miles of Jacksonville
A large number of the enemy, having concealed themselves in a thick palmetto scrub, opened fire from their ambush upon a detachment of about 80 of our cavalry while crossing the long causeway, instantly killing Captain Stevens
, Second Florida cavalry, a splendid young officer greatly beloved by his command, and wounding several others.
At this critical time our main force of four regiments of infantry, 200 cavalry and three pieces of artillery, came up and advanced over the causeway, and the fight became general, about 5 miles of ground being contested, the skirmishing and general engagement lasting from 11 a m. to 3 p. m. Our forces having effected a crossing on the enemy's right, intending to turn their flank, they hastily retired, falling back to theThree-mile run, where they halted and were reinforced by cavalry and artillery.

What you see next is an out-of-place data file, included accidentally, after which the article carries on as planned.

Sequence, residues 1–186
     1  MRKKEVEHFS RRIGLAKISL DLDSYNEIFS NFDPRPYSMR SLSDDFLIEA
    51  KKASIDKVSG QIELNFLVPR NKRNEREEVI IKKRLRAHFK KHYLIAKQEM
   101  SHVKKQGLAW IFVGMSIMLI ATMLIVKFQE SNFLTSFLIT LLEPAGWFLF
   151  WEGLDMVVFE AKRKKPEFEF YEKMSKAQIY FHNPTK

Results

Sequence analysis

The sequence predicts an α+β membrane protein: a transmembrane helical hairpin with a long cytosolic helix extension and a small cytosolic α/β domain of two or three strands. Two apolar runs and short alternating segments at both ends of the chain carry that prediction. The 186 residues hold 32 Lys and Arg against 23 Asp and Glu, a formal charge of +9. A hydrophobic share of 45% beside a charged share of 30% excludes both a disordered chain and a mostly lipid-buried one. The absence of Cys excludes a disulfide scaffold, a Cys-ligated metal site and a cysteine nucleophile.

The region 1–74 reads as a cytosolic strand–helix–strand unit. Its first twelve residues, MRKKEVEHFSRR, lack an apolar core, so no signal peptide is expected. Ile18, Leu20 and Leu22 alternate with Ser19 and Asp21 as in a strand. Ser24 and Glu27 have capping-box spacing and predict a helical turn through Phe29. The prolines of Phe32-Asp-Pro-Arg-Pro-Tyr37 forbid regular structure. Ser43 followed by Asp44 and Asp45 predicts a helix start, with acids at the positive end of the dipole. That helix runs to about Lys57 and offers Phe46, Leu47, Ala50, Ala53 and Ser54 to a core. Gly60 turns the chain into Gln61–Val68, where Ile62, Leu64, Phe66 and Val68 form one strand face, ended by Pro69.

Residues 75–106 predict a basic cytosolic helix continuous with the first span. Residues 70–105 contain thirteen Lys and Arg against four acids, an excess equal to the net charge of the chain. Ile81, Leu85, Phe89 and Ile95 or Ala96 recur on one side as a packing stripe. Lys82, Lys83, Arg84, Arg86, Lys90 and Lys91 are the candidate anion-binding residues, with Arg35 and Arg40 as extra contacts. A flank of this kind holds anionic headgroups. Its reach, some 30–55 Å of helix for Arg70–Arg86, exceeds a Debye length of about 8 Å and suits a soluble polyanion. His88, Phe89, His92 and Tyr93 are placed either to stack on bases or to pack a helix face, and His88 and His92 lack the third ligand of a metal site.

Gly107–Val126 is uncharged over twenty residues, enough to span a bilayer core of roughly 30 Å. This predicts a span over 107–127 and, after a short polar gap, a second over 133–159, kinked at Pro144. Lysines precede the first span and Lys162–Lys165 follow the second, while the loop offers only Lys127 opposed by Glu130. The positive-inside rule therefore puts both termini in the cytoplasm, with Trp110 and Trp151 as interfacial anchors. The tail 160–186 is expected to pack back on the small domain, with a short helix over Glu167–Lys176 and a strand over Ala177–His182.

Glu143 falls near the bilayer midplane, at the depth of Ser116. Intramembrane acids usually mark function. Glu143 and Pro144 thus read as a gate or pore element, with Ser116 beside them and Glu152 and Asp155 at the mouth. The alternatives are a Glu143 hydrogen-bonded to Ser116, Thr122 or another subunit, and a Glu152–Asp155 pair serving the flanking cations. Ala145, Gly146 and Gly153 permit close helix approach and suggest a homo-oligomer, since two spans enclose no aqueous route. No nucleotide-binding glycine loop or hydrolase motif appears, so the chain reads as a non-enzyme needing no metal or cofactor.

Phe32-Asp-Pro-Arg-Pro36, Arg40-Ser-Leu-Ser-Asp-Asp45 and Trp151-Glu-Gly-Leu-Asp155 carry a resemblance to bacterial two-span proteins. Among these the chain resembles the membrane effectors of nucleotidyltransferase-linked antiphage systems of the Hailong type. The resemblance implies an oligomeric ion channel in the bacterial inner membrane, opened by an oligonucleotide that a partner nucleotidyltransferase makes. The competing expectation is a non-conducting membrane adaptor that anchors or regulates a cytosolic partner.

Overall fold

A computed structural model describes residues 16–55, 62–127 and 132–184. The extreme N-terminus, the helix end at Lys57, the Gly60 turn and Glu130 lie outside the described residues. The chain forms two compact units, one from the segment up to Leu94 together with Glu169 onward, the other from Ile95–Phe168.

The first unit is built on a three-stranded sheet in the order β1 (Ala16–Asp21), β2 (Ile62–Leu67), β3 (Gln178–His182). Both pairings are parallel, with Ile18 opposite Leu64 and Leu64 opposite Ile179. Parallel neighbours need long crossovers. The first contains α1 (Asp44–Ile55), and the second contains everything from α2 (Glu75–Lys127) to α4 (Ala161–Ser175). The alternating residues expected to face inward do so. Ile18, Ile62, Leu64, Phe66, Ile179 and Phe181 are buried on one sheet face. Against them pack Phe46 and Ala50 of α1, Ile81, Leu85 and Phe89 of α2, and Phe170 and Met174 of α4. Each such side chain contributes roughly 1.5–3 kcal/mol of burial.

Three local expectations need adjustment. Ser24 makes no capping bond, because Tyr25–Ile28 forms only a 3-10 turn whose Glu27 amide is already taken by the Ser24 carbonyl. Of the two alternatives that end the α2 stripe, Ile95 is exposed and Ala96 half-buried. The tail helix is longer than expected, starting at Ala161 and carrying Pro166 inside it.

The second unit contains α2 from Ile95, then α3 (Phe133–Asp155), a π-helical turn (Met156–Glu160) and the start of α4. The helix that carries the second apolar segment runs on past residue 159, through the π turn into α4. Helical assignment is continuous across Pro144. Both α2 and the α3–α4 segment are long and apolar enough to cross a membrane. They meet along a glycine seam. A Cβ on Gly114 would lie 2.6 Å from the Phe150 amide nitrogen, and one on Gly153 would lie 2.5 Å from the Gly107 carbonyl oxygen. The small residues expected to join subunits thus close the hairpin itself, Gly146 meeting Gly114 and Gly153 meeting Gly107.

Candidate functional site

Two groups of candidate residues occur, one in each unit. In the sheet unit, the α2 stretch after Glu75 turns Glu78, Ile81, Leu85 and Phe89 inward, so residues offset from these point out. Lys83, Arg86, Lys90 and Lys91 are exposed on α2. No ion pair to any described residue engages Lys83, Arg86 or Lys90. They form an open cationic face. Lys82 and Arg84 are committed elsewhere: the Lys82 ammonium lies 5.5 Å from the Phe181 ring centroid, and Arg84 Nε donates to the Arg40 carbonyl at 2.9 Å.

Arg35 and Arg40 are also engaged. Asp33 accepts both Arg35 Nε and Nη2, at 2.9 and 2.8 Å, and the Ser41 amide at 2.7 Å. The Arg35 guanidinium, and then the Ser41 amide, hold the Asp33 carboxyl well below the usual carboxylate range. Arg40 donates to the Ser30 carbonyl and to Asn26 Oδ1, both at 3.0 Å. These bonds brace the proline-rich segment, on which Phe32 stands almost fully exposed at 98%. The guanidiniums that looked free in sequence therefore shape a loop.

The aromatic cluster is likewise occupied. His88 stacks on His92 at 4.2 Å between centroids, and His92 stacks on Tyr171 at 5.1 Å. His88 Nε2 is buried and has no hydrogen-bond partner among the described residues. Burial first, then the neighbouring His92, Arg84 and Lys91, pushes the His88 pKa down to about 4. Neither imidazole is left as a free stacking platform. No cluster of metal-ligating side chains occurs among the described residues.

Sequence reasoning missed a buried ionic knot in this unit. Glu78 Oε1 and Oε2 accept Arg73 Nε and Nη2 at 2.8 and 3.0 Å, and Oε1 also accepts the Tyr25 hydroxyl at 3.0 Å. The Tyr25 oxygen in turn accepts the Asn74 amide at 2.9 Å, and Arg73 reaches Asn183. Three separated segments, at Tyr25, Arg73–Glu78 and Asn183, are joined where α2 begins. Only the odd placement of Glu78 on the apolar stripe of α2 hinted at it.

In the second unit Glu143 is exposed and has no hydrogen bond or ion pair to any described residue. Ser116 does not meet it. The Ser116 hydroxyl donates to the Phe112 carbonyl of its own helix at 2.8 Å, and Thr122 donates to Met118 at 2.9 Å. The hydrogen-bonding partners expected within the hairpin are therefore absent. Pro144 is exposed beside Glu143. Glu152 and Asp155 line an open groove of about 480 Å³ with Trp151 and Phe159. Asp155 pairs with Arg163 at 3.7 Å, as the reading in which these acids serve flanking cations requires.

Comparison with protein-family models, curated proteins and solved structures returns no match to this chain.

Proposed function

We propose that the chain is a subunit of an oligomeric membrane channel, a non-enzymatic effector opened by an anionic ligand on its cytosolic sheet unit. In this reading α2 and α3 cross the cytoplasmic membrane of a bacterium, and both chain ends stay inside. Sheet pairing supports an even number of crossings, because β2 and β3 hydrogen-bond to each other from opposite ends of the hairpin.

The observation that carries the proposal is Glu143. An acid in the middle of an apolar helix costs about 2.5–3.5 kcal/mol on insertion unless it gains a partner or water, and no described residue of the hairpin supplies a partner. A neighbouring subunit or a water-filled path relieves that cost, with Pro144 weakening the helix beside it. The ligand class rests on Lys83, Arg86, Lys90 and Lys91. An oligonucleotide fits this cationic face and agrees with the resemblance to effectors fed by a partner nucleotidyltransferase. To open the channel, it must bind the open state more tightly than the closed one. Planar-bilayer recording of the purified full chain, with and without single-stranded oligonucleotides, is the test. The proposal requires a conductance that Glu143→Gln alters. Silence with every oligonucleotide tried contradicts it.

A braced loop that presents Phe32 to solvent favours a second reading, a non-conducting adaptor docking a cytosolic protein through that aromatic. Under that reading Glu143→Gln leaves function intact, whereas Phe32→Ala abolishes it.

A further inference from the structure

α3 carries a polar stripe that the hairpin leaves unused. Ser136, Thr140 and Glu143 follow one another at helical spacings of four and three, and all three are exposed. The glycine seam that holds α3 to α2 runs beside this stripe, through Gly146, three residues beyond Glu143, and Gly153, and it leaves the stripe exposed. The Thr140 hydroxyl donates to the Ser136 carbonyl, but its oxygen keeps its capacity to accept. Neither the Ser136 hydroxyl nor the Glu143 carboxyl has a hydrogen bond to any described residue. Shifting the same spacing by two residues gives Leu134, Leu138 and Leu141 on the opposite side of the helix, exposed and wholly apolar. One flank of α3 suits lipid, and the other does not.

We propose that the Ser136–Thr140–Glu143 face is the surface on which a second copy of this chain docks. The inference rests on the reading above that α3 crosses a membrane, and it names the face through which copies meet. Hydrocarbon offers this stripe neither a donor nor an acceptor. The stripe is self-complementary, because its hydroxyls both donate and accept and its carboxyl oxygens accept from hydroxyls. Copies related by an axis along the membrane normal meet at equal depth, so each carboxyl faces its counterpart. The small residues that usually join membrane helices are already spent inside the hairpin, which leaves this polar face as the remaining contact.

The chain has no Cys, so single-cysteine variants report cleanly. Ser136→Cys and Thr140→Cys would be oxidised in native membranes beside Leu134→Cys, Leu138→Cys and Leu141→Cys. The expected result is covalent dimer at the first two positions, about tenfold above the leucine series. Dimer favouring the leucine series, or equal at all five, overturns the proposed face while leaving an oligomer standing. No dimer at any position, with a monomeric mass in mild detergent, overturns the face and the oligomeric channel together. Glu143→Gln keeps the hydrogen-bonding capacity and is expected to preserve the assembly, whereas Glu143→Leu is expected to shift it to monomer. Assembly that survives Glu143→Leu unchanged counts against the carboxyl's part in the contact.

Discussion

This vigorous repulse of a force numbering about 3,000 infantry, 500 cavalry and 2 pieces of artillery, after contesting our advance step by step, attested the bravery with which they fought against superior numbers.
Our loss was 7 killed and 12 wounded. The enemy acknowledged a loss of 2 killed, 4 wounded and 5 taken prisoners, but later information gave the number of their wounded at about 40.
To have advanced upon the enemy in their fortified position would have been attended with disastrous consequences.
The defensive campaign now entered upon was one of great activity.
The troops, divided into detachments of infantry, cavalry and sections of artillery, were quartered at such points as were most exposed and upon which the enemy was expected to make an early advance.
The only security was in untiring vigilance, and several cavalry companies were deployed for outpost duty, notably among them Col. G. W. Scott
's battalion of cavalry, and Company H, Second Florida cavalry, commanded by Capt. J. J. Dickison
; Lieutenant-Colonel McCormick
with the remaining companies of the Second Florida cavalry command